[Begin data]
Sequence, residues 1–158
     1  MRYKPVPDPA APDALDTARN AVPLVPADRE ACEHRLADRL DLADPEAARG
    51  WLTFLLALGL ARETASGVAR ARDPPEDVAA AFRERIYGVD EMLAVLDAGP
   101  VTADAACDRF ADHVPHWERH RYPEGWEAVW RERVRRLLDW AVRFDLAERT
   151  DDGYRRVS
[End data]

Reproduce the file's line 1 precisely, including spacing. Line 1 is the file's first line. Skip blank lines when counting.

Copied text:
Sequence, residues 1–158